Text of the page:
By Michael McNerney & Emilian Papadopoulos | 62 Am. U. L. Rev. 1243 (2012)

In October 2012, former Secretary of Defense Leon Panetta made headlines at a speech in New York when he warned of an impending “cyber Pearl Harbor.” He cautioned that the United States’ critical infrastructure, such as the electric grid, air traffic control system, and financial networks, are increasingly vulnerable to malicious hackers both at home and abroad. Since then, numerous senior government officials also echoed Panetta’s comments, and the Administration issued an executive order on improving the cybersecurity of critical infrastructure. The fact that the Administration would dedicate so much attention to cybersecurity shows how important this issue is to our nation’s security. 

While the U.S. defense establishment gears up to defend the nation from this nightmare scenario, private industry is already locked in a struggle
with what is perhaps a more insidious threat: the persistent theft by cyber means of intellectual property and business secrets. Although this threat as an attack on critical infrastructure, it does promise to undermine America’s long-term competitiveness. At a time when the world economy remains fragile, this loss of competitiveness can negatively impact our ability to be productive and generate wealth and economic progress. While the exact scope of the problem is hard to discern, and indeed some people question whether the threat is as severe as experts say, evidence in reports by government and private organizations continues to mount that the cyberthreat to the economy is significant. Most recently, the Commission on the Theft of American Intellectual Property reported that intellectual property theft against the U.S. is costing the economy more than $300 billion per year, nearly equal to the country’s total exports to Asia.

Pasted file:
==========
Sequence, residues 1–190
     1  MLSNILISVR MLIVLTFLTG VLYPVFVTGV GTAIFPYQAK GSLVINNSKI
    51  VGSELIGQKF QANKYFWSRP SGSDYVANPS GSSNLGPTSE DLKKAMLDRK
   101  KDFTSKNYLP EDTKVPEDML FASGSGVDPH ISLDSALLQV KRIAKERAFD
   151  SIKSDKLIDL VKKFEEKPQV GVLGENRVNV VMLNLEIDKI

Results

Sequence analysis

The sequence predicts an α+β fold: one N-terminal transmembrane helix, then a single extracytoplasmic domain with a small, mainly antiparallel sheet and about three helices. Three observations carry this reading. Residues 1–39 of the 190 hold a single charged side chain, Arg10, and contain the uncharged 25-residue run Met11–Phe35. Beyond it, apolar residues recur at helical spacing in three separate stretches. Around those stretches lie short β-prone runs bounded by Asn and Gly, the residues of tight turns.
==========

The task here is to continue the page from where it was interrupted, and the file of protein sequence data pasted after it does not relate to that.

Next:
In many respects, America remains the center of global technological innovation. The United States is home to many of the world’s best research universities and facilities, which helps fuel our high-tech innovation centers in places like Silicon Valley and Boston. Additionally, a great deal of global financial transactions occur in places like New York and Chicago, and the mid-west appears to be on the cusp of an energy boom. All of this is great news and bodes well for the future of the American economy. Unfortunately, it also provides a tempting target for criminal enterprises and nations who do not possess a robust, indigenous capacity for innovation. As such, it should come as little surprise that others will attempt to steal the United States’ intellectual property as a shortcut to their own prosperity. The growth of the Internet and the resulting interconnectedness of our networked world just make would-be thieves’ jobs a lot easier—“Recognizing this problem, the Administration in February 2013 issued its Strategy on Mitigating the Theft of U.S. Trade Secrets, though the strategy’s impact will be limited without significant regulatory or legislative support.” 

Much like technology itself, the nature of cyberattacks is constantly evolving. Cyberattackers, or hackers, have focused a lot of attention on the fertile hunting ground that is financial institutions, energy companies, defense firms, and information technology companies. Yet, as awareness increases and cybersecurity improves in these industries, intruders have begun to look elsewhere. Increasingly, law firms are becoming ground zero for theft of intellectual property and business secrets. Attackers realize that law firms can house significant stores of sensitive information for their clients and that hacking a single firm can provide one stop shopping for a wide range of trade secrets and sensitive transactional data. This new dynamic poses significant challenges for attorneys and law firms as they begin to grapple with the implications for their professional responsibility and for their own brand protection and competitiveness. 

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